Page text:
As Beijing peddles the narrative on the mainland that the city’s long-running protest movement is the work of outside agitators, a local pro-establishment lawmaker has been spreading similar (unsubstantiated) allegations much closer to home, claiming foreign spies are seeking to make “Hong Kong the next Syria.”
Pro-Beijing politician Junius Ho — who has a long and proud tradition of saying things that are batshit crazy — circulated an image on Facebook last night containing photos of 10 apparent foreigners alleged to be “American agents” fomenting “revolution” in the SAR.
“American agents inciting Hong Kong people,” text accompanying the images in Ho’s post reads. “Providing 60 [million] to students and democrats for revolution. Making Hong Kong the next Syria.”
It was unclear whether Ho created the image — which has since been pulled down — or was simply recirculating it, but either way, let’s imagine for a second that it isn’t completely unnecessary for us to dissect how startlingly ignorant that remark is, and just go through the motions, shall we?
The Syrian civil war actually began when its undemocratic government refused to address the concerns of a popular protest movement (OK, now that part does sound familiar), instead launching a bloody crackdown on dissent. In fact, a UN Security Council resolution aimed at halting the violence in its early days was blocked by Russia and — no points for guessing — China.
Just for further comparison — again, as though it were necessary — while several dozen people have been treated for injuries in relation to protests in Hong Kong since mass demonstrations first kicked off in early June, some 400,000 people have been killed in Syria, with nearly 12 million more displaced.
Ho’s office today did not respond to requests for comment from Coconuts HK today as to the source of the allegations.
While most of those whose photos were included in Ho’s post couldn’t be identified, one appeared to be a foreigner named Brian who actually gave an interview to Ming Pao back in June, in which he said he’d lived in Hong Kong for 12 years, was raising two children here, and had come out to show his support for his adopted hometown.
Meanwhile, Ho’s post, unsurprisingly, drew widespread ridicule online.
“OMG there are so many foreign spies in Central, and even among my colleagues!” a user on the Reddit-like forum LIHKG quipped.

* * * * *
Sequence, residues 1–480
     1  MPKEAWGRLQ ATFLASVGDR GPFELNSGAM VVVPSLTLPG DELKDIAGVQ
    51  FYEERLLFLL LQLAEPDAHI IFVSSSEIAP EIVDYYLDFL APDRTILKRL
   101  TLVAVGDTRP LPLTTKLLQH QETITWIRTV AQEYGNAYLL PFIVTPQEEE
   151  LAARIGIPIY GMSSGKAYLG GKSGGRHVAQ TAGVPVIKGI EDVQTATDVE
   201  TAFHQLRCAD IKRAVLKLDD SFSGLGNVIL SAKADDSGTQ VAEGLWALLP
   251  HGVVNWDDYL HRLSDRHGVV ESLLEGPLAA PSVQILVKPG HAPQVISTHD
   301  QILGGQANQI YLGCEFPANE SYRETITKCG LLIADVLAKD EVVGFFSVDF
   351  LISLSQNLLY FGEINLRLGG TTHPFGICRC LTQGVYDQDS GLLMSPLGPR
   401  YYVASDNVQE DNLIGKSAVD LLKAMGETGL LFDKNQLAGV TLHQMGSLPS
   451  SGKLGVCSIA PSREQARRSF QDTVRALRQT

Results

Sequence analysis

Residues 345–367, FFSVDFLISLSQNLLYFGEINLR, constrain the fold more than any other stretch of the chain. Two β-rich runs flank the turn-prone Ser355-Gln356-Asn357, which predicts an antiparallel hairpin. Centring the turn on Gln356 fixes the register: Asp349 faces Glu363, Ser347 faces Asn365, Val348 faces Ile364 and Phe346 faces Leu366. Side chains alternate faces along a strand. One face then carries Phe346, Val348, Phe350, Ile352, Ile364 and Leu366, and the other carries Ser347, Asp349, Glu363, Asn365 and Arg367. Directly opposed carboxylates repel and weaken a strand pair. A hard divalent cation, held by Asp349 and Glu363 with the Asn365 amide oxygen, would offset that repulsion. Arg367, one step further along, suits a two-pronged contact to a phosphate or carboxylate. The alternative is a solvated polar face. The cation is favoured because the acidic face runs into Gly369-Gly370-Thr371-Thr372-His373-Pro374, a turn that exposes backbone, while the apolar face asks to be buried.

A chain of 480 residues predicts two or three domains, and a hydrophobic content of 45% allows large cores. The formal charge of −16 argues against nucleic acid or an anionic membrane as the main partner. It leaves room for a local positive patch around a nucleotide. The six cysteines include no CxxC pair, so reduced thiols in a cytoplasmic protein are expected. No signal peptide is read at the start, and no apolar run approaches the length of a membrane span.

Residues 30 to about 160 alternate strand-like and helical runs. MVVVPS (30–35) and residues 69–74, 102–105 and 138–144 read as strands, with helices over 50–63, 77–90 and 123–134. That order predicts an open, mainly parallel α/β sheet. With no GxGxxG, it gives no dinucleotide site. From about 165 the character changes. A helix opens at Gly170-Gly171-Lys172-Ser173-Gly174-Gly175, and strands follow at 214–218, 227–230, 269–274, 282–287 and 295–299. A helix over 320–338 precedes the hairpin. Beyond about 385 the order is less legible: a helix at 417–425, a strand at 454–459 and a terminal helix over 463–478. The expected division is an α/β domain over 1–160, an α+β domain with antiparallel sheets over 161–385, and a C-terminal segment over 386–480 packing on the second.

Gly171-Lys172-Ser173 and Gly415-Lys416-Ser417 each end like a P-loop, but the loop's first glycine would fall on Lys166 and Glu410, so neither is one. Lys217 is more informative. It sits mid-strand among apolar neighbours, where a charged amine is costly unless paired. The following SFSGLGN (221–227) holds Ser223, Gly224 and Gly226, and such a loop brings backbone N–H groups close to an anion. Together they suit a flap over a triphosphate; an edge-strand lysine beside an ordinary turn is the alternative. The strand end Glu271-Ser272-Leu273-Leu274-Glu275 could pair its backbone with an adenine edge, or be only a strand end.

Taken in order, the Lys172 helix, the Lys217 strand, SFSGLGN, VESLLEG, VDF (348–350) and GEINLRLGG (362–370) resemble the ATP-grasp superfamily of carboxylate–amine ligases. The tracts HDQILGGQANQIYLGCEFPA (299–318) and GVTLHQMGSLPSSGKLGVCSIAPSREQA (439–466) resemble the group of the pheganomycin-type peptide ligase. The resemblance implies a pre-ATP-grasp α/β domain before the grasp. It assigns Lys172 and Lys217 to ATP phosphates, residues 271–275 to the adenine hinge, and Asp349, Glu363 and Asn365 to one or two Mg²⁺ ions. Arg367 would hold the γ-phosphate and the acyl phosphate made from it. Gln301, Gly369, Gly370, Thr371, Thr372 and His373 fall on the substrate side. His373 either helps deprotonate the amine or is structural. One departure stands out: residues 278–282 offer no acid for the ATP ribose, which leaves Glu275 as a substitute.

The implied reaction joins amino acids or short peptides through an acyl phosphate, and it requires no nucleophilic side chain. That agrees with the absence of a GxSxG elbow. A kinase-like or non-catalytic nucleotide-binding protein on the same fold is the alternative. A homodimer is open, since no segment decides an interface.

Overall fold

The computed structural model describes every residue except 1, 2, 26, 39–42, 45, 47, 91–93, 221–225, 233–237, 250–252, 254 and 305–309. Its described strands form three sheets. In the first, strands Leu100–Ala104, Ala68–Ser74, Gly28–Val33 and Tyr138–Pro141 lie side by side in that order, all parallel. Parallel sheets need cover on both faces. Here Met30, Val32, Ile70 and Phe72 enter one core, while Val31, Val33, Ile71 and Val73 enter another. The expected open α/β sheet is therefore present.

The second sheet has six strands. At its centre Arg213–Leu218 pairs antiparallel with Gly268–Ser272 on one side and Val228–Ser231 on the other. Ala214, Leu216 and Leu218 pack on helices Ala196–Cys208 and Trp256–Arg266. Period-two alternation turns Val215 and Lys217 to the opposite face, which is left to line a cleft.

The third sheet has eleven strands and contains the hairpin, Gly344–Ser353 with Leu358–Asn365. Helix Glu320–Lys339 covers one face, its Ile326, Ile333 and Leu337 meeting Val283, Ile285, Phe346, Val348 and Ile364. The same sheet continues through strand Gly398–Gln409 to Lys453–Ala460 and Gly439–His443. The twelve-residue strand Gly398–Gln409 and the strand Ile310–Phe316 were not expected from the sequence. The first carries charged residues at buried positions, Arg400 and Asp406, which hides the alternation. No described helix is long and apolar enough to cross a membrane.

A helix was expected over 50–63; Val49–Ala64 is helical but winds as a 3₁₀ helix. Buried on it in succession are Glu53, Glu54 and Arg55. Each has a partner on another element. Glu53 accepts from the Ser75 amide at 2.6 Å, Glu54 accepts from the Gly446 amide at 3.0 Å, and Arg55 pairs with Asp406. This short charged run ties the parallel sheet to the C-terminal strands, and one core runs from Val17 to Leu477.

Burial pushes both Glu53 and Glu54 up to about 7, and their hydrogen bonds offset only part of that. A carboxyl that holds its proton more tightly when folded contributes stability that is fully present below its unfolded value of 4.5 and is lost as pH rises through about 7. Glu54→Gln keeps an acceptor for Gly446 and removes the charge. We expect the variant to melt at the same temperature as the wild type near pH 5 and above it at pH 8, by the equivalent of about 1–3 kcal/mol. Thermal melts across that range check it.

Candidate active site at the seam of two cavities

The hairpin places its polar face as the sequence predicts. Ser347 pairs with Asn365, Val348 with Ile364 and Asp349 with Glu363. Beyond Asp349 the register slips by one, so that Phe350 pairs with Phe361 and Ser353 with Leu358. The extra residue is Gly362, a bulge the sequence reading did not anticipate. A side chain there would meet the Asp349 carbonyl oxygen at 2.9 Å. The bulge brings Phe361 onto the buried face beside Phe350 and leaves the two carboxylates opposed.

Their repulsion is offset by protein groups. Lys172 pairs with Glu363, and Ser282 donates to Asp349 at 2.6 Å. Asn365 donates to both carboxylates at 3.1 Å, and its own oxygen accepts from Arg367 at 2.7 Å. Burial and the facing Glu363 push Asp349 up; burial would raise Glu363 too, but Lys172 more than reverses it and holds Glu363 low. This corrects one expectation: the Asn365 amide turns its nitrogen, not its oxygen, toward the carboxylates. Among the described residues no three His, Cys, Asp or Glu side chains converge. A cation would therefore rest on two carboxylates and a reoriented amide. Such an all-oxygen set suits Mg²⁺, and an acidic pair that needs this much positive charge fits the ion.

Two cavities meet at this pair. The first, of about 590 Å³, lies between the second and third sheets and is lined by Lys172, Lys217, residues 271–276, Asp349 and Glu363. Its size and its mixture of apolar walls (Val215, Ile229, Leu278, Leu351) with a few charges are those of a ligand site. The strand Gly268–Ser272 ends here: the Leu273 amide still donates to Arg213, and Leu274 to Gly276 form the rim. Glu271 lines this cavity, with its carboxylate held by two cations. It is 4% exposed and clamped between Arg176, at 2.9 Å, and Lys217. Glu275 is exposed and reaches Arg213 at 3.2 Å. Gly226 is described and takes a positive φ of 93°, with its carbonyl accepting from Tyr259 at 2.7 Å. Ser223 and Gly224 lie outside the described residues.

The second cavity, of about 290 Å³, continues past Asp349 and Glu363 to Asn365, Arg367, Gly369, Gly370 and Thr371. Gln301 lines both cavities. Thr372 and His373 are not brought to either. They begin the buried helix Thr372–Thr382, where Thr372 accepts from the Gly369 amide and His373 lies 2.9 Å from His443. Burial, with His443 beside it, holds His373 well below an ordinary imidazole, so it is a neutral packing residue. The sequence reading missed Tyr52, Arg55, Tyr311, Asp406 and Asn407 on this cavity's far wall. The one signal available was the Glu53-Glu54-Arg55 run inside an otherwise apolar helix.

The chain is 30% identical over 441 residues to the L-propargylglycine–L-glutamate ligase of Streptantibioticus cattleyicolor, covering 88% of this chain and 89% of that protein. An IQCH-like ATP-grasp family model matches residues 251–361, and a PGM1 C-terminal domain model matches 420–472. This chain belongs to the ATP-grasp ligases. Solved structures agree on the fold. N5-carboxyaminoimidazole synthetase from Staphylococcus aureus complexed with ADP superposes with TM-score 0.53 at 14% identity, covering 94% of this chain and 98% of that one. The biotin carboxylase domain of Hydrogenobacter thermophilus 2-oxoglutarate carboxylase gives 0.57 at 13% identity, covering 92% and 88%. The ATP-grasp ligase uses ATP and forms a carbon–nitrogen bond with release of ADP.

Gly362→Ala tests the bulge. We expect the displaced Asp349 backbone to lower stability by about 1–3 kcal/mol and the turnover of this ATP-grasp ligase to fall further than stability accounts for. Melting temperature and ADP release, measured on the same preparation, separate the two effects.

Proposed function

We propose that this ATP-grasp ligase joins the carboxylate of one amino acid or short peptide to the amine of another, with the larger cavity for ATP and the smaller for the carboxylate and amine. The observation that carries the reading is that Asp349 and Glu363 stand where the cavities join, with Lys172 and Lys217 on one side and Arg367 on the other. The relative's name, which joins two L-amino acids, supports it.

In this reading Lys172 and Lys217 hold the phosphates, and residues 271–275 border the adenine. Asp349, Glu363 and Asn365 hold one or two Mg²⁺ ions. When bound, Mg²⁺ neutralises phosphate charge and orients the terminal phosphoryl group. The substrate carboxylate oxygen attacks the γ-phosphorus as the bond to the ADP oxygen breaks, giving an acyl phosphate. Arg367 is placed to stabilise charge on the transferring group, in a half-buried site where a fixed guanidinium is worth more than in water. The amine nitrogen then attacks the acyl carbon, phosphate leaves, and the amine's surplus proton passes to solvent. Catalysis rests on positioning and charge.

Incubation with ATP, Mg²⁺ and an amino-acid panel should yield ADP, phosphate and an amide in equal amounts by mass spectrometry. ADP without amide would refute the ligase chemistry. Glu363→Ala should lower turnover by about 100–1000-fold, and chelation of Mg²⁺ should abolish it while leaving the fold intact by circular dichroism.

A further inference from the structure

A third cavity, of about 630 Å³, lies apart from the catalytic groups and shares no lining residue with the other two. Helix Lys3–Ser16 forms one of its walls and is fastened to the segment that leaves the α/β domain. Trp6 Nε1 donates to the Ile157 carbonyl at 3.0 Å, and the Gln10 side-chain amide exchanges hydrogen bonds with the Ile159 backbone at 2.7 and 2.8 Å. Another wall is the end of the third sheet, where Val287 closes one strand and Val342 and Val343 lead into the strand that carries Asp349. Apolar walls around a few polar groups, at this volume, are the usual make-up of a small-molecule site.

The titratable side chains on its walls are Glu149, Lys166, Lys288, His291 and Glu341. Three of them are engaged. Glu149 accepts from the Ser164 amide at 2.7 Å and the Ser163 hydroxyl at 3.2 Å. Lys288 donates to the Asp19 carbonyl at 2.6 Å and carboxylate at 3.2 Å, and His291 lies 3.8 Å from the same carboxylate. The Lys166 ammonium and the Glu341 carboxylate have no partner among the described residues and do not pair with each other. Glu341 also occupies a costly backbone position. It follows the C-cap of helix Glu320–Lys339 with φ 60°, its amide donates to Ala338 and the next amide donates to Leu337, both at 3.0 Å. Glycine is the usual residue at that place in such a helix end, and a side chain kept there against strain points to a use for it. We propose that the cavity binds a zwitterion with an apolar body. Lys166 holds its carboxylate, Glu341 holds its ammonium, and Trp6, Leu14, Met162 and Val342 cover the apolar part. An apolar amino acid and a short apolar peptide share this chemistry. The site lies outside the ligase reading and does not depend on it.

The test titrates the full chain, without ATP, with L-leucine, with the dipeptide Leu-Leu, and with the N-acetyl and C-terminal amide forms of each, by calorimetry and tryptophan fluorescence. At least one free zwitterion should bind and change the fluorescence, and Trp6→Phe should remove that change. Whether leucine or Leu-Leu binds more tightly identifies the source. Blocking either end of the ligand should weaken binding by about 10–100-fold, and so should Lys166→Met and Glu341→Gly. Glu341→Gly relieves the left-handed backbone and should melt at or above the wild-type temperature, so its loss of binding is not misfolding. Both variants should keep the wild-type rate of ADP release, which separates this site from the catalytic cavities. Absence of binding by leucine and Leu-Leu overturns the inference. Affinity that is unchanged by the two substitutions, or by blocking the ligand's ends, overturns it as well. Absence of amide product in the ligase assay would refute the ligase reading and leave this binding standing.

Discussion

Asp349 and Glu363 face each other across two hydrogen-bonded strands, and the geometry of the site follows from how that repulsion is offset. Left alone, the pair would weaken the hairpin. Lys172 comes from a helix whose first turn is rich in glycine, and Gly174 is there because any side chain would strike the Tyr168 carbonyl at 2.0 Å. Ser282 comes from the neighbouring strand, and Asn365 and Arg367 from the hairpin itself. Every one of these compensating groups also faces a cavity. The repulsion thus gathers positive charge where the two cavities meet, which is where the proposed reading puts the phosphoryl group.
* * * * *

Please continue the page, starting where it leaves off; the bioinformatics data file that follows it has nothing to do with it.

“Pretty sure there are many more weapons in Syria,” another drily noted. “Since we’re turning into the next Syria, can they send some over?”
Ho’s post echoed past attempts by the pro-Beijing camp to undermine the legitimacy of the Hong Kong protests, which were sparked by a controversial extradition bill and have since evolved into to include broader fears of Beijing’s encroachment on the city’s unique freedoms.
Pro-government outlets in recent weeks have claimed — without proof — that protesters were paid to take part in the record-breaking demonstrations, and to storm the LegCo at an unruly protest on July 1.
Prolific Hong Kong Twitter user Hong Kong Hermit, who has documented the protests extensively, was also singled out as a foreign agent today, first by a local pro-government politician, and again in a tweet by the Beijing-backed Global Times.
Why were foreigners there every time when riots occurred? Why did this foreigner command on the scene? #HongKong lawmaker CHIANG Lai-wan asked in a post showing that a foreigner videotaped clashes on Sunday night in Sha Tin and gave some instructions pic.twitter.com/saAHkdtjYj
— Global Times (@globaltimesnews) July 15, 2019
“Why were foreigners there every time when riots occurred? Why did this foreigner command on the scene?” the Global Times’ tweet read, alongside the photo posted by the local pol.
Responding to the flap, Hong Kong Hermit said in a tweet that he was unaware he had been subversively directing protests behind the scenes.
“Even I have no idea what I was doing. Apparently I have more nervous tics than I thought.”
NOTE: This story has been updated to include Ho’s removal of the original Facebook post.